New in version 1.6.
This hash is not very secure, and should not be used for any purposes besides manipulating existing MSSQL 2005 password hashes.
This class implements the hash algorithm used by Microsoft SQL Server 2005 to store it’s user account passwords, replacing the slightly less secure mssql2000 variant. This class can be used directly as follows:
>>> from passlib.hash import mssql2005 as m25 >>> # encrypt password >>> h = m25.encrypt("password") >>> h '0x01006ACDF9FF5D2E211B392EEF1175EFFE13B3A368CE2F94038B' >>> # verify password >>> m25.verify("password", h) True >>> m25.verify("letmein", h) False
This class implements the password hash used by MS-SQL 2005, and follows the Password Hash Interface.
It supports a fixed-length salt.
MSSQL 2005 hashes are usually presented as a series of 52 upper-case hexidecimal characters, prefixed by 0x. An example MSSQL 2005 hash (of "password"):
This encodes 26 bytes of raw data, consisting of:
The digest is generated by encoding the unicode password using UTF-16-LE, and calculating SHA1(encoded_secret + salt).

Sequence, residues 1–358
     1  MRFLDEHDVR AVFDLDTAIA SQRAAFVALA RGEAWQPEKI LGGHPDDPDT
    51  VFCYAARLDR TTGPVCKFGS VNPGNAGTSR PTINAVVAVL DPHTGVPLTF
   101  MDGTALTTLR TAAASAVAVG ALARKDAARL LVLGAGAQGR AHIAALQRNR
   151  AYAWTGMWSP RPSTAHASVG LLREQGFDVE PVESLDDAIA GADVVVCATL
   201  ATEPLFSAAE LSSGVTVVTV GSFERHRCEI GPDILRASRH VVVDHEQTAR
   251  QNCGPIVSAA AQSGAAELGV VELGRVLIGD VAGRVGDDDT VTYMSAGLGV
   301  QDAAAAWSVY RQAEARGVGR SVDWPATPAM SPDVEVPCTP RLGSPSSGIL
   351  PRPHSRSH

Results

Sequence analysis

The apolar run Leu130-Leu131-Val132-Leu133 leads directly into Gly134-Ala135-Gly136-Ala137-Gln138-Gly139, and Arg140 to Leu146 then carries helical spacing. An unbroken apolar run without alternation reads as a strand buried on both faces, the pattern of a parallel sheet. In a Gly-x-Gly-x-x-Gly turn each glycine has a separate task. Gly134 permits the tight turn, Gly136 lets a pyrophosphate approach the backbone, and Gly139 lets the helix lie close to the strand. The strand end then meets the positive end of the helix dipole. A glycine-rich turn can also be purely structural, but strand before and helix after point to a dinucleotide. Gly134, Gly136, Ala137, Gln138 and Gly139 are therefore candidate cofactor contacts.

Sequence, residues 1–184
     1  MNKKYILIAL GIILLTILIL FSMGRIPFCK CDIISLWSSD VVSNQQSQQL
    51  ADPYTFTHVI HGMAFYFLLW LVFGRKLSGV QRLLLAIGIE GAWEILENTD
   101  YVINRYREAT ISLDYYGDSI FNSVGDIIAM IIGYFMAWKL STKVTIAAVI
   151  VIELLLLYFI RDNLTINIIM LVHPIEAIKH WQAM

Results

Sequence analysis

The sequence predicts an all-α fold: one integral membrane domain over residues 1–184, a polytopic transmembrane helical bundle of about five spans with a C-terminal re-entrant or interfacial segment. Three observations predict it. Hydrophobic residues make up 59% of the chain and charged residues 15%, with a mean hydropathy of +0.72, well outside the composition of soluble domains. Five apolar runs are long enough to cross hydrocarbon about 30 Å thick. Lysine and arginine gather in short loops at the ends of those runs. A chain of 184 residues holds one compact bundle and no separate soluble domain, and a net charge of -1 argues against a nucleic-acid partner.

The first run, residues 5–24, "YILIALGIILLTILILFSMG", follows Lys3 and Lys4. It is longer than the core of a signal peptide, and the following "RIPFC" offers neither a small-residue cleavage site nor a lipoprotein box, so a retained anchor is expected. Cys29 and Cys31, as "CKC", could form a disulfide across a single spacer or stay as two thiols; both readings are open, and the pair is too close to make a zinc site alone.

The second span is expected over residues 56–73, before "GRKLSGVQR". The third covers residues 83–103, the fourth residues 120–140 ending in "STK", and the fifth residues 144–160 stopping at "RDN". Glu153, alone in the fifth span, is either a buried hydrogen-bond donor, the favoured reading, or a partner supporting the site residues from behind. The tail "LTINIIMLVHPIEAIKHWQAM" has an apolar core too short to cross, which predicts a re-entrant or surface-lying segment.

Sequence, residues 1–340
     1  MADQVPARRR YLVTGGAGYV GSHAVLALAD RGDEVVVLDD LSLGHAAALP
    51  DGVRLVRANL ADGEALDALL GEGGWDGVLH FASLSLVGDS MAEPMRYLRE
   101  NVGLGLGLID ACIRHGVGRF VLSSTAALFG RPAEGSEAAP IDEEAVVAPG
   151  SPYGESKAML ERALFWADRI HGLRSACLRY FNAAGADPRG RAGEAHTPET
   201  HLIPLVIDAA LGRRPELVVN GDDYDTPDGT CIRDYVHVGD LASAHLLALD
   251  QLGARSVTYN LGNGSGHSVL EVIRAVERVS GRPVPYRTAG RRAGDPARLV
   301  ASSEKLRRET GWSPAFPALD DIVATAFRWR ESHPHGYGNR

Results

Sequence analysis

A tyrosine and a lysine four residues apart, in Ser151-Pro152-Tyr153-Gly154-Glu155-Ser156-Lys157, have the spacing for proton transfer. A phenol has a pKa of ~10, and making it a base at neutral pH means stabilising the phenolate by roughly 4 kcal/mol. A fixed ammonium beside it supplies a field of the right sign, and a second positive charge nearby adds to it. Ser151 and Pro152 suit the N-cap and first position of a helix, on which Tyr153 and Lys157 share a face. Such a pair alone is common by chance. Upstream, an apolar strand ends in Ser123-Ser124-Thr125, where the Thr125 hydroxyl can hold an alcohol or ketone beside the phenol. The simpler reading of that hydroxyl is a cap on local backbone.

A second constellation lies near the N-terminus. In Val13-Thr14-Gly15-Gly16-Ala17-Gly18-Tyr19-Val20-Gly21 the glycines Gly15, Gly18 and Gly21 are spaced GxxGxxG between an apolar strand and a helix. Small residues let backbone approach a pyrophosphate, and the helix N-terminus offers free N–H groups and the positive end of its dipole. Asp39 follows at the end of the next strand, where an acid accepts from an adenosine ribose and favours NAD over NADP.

This format and algorithm is identical to mssql2000, except that this hash omits the 2nd case-insensitive digest used by MSSQL 2000.
MSSQL 2005 hashes do not actually have a native textual format, as they are stored as raw bytes in an SQL table. However, when external programs deal with them, MSSQL generally encodes raw bytes as upper-case hexidecimal, prefixed with 0x. This is the representation Passlib uses.
This algorithm is reasonably weak, and shouldn’t be used for any purpose besides manipulating existing MSSQL 2005 hashes. This mainly due to it’s simplicity, and years of research on high-speed SHA1 implementations, which makes efficient brute force attacks feasible.
|||Overview hash algorithms used by MSSQL - https://blogs.msdn.com/b/lcris/archive/2007/04/30/sql-server-2005-about-login-password-hashes.aspx?Redirected=true.|
|||Description of MSSQL 2000/2005 algorithm - http://www.theregister.co.uk/2002/07/08/cracking_ms_sql_server_passwords/.|